Paving Day

From the manifolds, we just start placing tubing in the grooves.

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This is the easy part - we've already built the road, it's just time to pave it!

It really helps to have one person hold the roll

And another person place the pipe in the grooves.  We are very thankful to Junior for helping us out with the heat system.

What started out as one line snaking down the hall

Quickly became entire rooms filled with tubing.

Here's the kitchen and hall area

And around the stairs.

Where the tubing bends, it tended to pop up out of the grooves.  So we took scrap pieces of heat transfer plates and stapled those suckers down.

For those void ends, we filled in with wood pieces, cut to pattern, following the natural curve of the pipe.  The scrap pieces are used to fill in the corner voids.

And then we loop it all back to the manifold in the closet

The Ram's underpass merger system worked like a dream!

Tubing lines get connected to manifolds,

And it all passes the pressure test!

I can hardly believe it, we've completed the upstairs heat system!

We'll still need to run supply and return lines to the boiler from the manifold - and of course install the boiler itself - before we start getting heat out of it, but it's an awesome feeling to know one more step is done!

Thanks for letting us share our Momplex story with you!  Have you installed radiant?  Would you?  We'd love to hear your story too!

clips

Wow ... Spaghetti time!

The "underpass" is a brilliant idea.

How do you keep what goes where straight?

posted by Tsu Dho Nimh | on Thu, 2013-04-11 19:30
clips
UlrikeDG's picture

Heat... just in time for

Heat... just in time for spring. :-D

posted by UlrikeDG | on Thu, 2013-04-11 23:09
clips

Radiant heat

We installed radiant in our floors, both upstairs and down. We didn't have to router out as we poured concrete floors over the top but managing all the tubing was NOT easy and making it curve, even harder. Then making sure it holds pressure was nerve wracking. When the guys came and poured the concrete floors and I just prayed they wouldn't pierce the tubing.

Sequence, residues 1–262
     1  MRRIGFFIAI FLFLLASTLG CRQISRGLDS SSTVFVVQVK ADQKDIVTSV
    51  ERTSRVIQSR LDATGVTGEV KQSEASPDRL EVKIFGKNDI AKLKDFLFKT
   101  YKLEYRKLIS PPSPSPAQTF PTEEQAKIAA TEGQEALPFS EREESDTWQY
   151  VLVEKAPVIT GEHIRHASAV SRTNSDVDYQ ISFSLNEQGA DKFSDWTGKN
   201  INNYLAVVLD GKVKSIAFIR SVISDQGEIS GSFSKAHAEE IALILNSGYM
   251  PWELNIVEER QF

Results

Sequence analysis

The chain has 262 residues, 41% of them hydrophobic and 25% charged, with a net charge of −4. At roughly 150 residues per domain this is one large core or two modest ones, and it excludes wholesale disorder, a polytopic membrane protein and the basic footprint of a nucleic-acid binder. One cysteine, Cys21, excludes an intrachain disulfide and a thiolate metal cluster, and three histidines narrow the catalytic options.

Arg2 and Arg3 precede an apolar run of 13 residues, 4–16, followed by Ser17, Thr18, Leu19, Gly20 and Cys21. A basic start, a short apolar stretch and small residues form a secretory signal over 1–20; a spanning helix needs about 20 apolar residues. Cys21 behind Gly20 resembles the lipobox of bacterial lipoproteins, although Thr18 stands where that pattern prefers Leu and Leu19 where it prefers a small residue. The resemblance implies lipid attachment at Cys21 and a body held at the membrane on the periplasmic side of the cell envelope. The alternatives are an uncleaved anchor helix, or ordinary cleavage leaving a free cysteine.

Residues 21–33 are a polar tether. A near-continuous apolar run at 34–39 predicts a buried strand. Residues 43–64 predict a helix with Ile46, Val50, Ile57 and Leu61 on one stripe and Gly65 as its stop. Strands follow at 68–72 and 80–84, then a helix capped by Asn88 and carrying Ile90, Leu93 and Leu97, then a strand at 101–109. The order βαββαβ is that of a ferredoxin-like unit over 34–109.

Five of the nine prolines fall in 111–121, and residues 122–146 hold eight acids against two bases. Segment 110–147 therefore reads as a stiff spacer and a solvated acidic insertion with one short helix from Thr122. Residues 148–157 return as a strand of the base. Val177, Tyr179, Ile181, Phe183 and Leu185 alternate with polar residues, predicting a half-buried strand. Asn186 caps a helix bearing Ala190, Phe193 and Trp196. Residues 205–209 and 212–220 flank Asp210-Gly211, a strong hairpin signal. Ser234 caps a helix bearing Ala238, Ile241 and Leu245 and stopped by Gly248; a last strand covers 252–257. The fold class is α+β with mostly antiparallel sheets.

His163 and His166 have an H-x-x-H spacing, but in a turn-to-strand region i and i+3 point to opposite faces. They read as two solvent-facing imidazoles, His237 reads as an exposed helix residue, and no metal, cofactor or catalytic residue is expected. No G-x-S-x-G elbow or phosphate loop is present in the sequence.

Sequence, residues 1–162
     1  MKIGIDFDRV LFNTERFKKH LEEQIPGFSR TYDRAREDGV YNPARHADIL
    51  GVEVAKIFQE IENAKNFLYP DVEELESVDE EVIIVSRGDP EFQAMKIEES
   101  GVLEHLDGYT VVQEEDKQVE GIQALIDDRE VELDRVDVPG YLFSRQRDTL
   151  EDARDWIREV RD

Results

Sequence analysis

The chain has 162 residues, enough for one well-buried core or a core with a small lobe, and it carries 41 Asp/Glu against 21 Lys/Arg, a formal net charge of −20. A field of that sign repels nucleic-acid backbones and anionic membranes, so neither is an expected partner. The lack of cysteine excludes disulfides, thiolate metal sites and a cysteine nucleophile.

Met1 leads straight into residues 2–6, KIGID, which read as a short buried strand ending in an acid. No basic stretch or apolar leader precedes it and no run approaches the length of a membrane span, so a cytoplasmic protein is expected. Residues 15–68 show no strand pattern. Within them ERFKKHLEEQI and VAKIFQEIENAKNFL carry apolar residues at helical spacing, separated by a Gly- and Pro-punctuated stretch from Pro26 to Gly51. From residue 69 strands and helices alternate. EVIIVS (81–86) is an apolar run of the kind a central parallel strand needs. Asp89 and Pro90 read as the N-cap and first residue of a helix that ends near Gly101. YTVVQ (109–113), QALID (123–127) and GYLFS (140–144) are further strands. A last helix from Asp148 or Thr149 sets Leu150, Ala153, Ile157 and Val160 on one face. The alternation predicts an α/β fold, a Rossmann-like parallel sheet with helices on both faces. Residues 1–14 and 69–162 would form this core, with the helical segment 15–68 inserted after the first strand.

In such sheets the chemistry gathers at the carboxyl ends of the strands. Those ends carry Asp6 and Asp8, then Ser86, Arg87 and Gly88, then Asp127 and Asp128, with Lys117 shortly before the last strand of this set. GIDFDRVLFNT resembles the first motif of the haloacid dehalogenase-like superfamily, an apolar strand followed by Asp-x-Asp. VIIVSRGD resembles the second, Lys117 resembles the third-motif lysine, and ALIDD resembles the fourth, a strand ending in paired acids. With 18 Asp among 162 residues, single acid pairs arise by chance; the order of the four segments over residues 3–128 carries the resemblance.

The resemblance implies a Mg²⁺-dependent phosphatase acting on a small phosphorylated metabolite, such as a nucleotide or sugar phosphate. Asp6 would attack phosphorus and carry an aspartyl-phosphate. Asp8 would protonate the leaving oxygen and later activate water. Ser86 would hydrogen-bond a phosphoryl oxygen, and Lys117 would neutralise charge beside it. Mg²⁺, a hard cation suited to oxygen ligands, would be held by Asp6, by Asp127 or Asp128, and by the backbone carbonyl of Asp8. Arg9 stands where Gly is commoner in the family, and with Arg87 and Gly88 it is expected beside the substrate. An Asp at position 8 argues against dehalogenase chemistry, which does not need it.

All went well and though we are still building so haven't tested it out, EVERYONE I talk to raves about radiant heat so I can't wait to have a toasty house and a warm toilet to sit on;-)

Hannah
38 posted by Bagelpower | on Fri, 2013-04-12 01:37
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birdsandsoap's picture

Phew!

Reading through the heating system posts has been exhausting (and I only had to follow along)! It looks like the most labor-intensive part of this entire building project.

Was it?

All that cutting, building an entire floor on top of a floor, cutting all the aluminum, running miles of hose...then hoping there are no holes- I am so relieved for you!

posted by birdsandsoap | on Sat, 2013-04-20 20:49

I looked up to photos and

I looked up to photos and have a correct idea of doing the same thing which must have sealing pavers first.

posted by hanselmoore | on Tue, 2013-08-20 02:14

That's best

The most common and important advantage of these plates is that they make the distribution of heat through the water is completely smooth. It is more appropriate, where the area to be heated so much more. For this reason, almost all very moderately places to use these kinds of plates.

Paving Hawaii

posted by Joseiesjo30 | on Sat, 2013-12-28 06:48